What the Buffalo Bills must do about the Ryan Fitzpatrick question

Ryan Fitzpatrick

Ryan Fitzpatrick might just be the easiest man to root for in the NFL today. You probably know the story by now: drafted in the 7th round out of Harvard, a career backup turned franchise savior living an NFL fairytale dream. His long, lumberjack beard can be found on any regular guy in the stands at Ralph Wilson Stadium. He is not pretty. Don’t hold your breath on the GQ cover spread featuring Ryan Fitzpatrick. He is as Buffalo as Buffalo itself, we hear often about how Millionaires play with a blue collar attitude, but with Ryan Fitzpatrick it seems to be true. I have watched every game Fitzpatrick has started in Buffalo and I can remember him sliding twice.  That is not an exaggeration. Bills fans love Fitzpatrick because it is almost like someone from the factory downtown grew a beard and happened to have a rocket on his right shoulder. We love him because he is like one of us.

For a while, Bills fans loved him because he could play as well. After years of Trent Edwards (or captain check down) to have a true gunslinger was a welcome sight to Bills fans.  We saw Fitzpatrick in true gunslinger form last Sunday, as he threw for 4 Touchdowns…. and 4 interceptions. So continues the story of Ryan Fitzpatrick. Smart, tough, and wildly inconsistent.

So the question that the Buffalo Bills, and to a degree their fans, will have to explore in the coming years is this: can you win a Super bowl with Ryan Fitzpatrick?

I still believe that if you have a great defense, a great running game, and your quarterback is not elite you can win a Super Bowl. So the question is not if Ryan Fitzpatrick is elite or not, anyone with two functioning eyes can tell you he’s not, but with a great defense, and a great running game, is he the one who can win Buffalo a Super Bowl? As the evidence of his inconsistency mounts, I’m not willing to say that it’s time to pull the trigger on the Ryan Fitzpatrick era, but it is at least time to shine the spotlight on the issue.

First, the positives of Ryan Fitzpatrick: maybe the Harvard educated thing is over played a little bit, but he does make the right read play in and play out. The issue is not the decision making. He works well in Chan Gailey’s offense, which specializes in quick slants and screens. Fitzpatrick has the confidence to make a quick decision and an authoritative throw.  The toughness was discussed earlier. Fitzpatrick is fairly mobile and will fight and claw for an extra yard or two.  Through the negative words said about Fitzpatrick, his 12 touchdowns lead the NFL. When he, and the rest of the 11th ranked offense is good, they are very good.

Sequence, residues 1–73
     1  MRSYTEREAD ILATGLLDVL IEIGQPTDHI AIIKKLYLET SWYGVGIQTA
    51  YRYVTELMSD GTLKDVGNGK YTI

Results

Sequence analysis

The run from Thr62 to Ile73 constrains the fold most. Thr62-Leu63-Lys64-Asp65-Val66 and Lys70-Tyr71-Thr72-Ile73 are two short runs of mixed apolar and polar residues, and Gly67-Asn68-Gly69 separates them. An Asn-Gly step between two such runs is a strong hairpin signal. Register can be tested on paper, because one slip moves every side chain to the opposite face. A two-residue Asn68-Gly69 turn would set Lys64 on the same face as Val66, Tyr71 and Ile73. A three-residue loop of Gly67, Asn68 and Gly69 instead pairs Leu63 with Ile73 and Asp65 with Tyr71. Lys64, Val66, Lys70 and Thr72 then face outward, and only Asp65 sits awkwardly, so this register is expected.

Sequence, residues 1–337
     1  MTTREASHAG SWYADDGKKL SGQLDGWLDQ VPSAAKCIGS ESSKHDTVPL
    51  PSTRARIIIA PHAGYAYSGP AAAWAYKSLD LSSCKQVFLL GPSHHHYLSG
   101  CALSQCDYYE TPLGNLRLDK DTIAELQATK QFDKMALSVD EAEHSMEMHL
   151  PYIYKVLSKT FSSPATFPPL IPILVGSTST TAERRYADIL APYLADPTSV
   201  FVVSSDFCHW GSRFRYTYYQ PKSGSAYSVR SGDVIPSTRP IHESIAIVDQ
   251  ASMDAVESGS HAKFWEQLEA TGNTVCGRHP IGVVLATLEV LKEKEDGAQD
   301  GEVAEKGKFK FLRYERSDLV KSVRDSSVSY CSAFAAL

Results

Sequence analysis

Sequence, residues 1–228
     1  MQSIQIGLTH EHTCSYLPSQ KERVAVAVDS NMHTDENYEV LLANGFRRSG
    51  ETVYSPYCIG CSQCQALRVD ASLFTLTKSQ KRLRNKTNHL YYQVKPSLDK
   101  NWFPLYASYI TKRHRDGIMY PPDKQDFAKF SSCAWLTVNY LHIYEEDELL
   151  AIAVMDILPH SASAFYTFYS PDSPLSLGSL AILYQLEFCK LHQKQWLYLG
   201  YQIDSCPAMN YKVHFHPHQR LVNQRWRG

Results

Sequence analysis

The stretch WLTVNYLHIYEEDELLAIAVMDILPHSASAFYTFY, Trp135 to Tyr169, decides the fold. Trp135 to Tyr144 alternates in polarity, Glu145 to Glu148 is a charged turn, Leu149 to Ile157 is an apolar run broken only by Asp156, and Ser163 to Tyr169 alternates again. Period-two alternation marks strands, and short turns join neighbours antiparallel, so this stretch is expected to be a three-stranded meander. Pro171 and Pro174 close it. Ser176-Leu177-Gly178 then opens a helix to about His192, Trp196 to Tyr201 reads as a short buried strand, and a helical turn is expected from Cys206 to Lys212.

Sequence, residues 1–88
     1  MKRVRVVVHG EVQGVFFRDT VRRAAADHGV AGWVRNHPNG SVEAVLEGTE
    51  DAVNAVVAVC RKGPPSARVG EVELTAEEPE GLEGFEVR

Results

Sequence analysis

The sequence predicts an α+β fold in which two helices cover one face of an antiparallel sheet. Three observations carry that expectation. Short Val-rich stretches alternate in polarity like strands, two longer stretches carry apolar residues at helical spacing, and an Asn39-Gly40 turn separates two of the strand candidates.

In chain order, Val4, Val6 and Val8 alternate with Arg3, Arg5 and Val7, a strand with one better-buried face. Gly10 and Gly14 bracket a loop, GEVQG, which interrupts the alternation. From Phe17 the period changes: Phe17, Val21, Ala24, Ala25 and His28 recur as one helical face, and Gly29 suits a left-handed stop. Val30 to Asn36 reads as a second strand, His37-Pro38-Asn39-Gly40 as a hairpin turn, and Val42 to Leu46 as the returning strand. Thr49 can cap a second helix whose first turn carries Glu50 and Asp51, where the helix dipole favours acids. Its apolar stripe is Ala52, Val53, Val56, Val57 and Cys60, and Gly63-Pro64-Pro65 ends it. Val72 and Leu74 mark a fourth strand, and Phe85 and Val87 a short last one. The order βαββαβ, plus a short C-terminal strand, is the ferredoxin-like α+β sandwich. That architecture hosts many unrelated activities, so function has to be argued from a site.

Now, to the negatives: Fitzpatrick is smart and makes quick decisions about where the ball should go, that does not mean he necessarily gets the ball out quickly. If you think Tim Tebow’s windup is bad, watch some Ryan Fitzpatrick game film. His windup is more elaborate then Dontrelle Willis. The problem is never decision making, but if he is actually good enough physically to get the ball where it needs to be. Gunslingers in the past have had arm strength to fit the name of the label disposed upon them. Ryan Fitzpatrick has a gunslinger attitude without the gunslinger arm. His deep ball is not great, and he has the occasional mid to short-range throw that makes you wonder if he thinks the Bills are playing Cornell or Yale. Those, “are you an NFL quarterback?” throws can come at any time, in any situation, and the scares Bills fans to death.

A pet peeve of mine in sports has always been blindly calling for the heads of coaches, general managers, or prominent players. If you want someone out, tell me who should replace him. If you don’t have a replacement in line, shut up. There is no replacement for Ryan Fitzpatrick lined up that can do better than him right now.  To call for the benching of Ryan Fitzpatrick would be foolish, but make no mistake, the Buffalo Bills are at a cross roads in their season, and the career of Ryan Fitzpatrick. In my mind, Fitzpatrick is auditioning for his job from now until the end of the season. At 2-2 this season could go either way. So to could the fortune of Ryan Fitzpatrick.

Fitzpatrick signed a 6-year contract extension last year. To even explore getting rid of him would place a big financial burden on a team that just dropped north of $100 Million on a defensive end who has one sack through four games. Getting rid of Ryan Fitzpatrick might not even be feasible. I will root for nothing more then for Ryan Fitzpatrick to return to his early 2011 form and take over the NFL, because all of the traits that make him so likable I happen to be a tremendous sucker for. If the inconsistency continues; however, a change may need to be explored.

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